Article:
- Sustainability@Wayne with Jim deVries, Ford Motor Company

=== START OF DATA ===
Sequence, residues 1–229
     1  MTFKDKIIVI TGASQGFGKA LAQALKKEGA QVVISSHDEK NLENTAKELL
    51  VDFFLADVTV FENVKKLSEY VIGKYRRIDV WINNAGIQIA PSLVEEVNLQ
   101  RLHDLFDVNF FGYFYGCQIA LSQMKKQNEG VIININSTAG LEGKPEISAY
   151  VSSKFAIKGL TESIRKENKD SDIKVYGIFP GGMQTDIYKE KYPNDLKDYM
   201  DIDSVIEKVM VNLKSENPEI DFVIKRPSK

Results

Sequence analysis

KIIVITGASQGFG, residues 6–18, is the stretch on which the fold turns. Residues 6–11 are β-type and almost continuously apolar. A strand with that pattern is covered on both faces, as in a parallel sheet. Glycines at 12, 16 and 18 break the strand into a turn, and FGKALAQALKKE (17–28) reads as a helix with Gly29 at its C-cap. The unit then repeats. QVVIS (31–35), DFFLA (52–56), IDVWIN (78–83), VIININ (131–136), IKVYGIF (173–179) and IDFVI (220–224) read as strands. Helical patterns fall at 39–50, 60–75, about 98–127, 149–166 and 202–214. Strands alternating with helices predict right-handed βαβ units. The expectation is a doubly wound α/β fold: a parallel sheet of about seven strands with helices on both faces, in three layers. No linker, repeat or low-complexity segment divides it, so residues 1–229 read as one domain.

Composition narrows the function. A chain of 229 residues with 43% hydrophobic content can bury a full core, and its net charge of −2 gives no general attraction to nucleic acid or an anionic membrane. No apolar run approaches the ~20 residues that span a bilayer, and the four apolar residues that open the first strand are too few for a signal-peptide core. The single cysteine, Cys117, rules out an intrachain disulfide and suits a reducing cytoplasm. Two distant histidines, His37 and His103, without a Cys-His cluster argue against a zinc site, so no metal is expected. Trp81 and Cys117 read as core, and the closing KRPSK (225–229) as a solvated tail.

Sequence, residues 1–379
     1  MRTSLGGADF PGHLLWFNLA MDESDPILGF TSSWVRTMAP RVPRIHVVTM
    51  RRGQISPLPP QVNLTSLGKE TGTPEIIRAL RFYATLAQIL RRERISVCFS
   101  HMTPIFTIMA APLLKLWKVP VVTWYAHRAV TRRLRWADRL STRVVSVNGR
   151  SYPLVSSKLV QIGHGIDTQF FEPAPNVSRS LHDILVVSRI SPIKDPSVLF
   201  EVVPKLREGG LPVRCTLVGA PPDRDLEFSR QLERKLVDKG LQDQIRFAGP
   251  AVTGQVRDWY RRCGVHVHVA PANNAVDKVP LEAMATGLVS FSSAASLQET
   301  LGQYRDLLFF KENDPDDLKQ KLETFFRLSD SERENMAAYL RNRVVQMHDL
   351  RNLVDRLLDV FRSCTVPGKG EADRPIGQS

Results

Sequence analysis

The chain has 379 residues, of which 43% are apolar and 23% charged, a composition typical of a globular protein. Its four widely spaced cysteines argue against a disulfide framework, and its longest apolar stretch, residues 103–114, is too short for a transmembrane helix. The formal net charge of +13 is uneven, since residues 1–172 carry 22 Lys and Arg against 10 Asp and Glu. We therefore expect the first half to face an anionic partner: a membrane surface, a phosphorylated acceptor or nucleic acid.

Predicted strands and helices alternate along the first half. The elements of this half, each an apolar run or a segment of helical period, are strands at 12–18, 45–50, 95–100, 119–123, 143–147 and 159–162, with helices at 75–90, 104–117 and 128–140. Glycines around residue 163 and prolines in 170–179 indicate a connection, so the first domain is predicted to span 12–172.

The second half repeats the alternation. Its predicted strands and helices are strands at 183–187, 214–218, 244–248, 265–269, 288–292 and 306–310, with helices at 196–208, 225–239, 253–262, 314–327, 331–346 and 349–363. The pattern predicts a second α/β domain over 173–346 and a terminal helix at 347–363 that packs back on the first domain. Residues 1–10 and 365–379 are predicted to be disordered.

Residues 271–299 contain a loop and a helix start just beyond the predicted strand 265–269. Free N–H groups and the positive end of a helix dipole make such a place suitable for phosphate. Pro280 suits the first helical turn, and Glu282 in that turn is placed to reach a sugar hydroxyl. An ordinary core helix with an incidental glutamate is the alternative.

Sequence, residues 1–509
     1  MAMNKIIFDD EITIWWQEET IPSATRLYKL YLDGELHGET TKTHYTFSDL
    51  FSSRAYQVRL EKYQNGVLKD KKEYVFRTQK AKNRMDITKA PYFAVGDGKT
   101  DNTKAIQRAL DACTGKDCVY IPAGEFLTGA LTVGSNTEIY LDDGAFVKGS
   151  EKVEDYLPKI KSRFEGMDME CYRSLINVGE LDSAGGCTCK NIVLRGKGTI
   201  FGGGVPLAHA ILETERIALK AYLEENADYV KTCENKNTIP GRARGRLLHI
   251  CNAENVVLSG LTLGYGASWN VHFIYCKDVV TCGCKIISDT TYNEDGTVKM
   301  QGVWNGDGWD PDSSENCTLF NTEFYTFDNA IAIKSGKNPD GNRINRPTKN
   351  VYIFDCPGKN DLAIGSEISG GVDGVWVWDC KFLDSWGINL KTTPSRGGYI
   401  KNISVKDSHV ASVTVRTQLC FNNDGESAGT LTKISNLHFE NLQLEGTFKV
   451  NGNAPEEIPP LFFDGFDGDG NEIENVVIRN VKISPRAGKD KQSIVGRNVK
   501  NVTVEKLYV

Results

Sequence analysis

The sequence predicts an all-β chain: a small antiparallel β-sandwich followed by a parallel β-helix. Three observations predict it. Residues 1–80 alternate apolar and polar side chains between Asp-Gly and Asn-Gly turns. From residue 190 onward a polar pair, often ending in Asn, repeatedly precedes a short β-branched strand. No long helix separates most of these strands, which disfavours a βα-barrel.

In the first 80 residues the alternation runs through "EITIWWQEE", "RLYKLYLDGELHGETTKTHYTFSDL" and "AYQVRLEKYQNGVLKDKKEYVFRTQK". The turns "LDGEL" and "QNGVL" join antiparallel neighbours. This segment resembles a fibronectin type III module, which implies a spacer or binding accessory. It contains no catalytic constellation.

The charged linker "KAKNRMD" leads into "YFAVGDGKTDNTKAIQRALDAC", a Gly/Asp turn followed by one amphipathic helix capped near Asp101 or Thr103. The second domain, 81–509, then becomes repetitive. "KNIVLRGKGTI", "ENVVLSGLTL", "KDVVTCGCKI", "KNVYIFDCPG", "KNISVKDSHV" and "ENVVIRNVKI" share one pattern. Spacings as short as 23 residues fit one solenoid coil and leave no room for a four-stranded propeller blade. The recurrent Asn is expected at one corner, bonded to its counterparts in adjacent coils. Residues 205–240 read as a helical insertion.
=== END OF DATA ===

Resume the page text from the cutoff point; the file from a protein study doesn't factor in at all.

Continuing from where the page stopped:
- February 10 2015 at 2:30 PMWelcome Center AuditoriumThe Office of the Vice President for Research is pleased to host the next Sustainability@Wayne Seminar on Tuesday, Feburary 10, 2015 at 2:30 p.m. at the Wayne State University Welcome Center Auditorium, 42 W. Warren. The guest presenter will be Jim deVries, manager of Global Materials and Manufacturing Reseach at Ford Motor Company. He will present, "Opportunities and Challenges of Lightweight Materials In High Volume Automotive Production." A reception will follow in the Welcome Center Lobby from 3:30-4:00 p.m.The seminar is free; registration is requested. Bio: deVries graudated summa cum laude from Central University of Iowa with a Bachelor of Sciences degree in Physics. He briefly studied surface science at the University of Missouri-Rolla before joining Ford Motor Company in 1978. He has spent his time at Ford participating in and managing various research programs within Ford Research and Product Development. These programs have included paint and adhesive interfacial chemistry characterization, surface related phenomena assoicated with automotive materials, development of advanced composistes and most recently, lightweight materials and associated matierals, development of advanced composites and lightweight matierals and associated manufacturing processes. He is currently Global Manager of Materials and Manufacturing Research within Ford Research and Advance Engineering. In this capacity, he coordinates long range and applied research, both internally and through industry and government consortia. Abstract: Lightweight materials have been in use in the automotive industry for almost 100 years. Henry Ford recognized the value of lightweight materials and produced a number of aluminum bodies for the 1923 Model T, as well as prototype soy composite decklids. In today’s world, the demand for better fuel economy and the advent of more stringent CO2 regulations has resulted in the increased emphasis of lightweight materials by almost all automotive OEM’s. The automotive industry is continuing to explore lightweight materials such as light metals (aluminum, magnesium, advanced steels), lightweight glasses and reinforced polymer composites to replace traditional materials and provide increased weight savings resulting in improved fuel efficiency. Whereas past inclusion of lightweight materials were primarily in low volume expensive sports cars and niche vehicles to improve performance, more OEMs are looking to now reduce weight in mainstream high volume vehicles to reduce CO2 and improve overall fleet fuel economy. However, the cost of many of these materials impedes large scale implementation. In addition, new manufacturing processes need to be developed that are amenable to high volume production. This presentation will highlight the advantages and challenges of lightweight materials in the automotive industry and focus on the potential of these materials to reduce vehicle weight. Furthermore, insight will be given as to where efforts are required to make these materials more affordable and in the format that could be utilized for high volume production.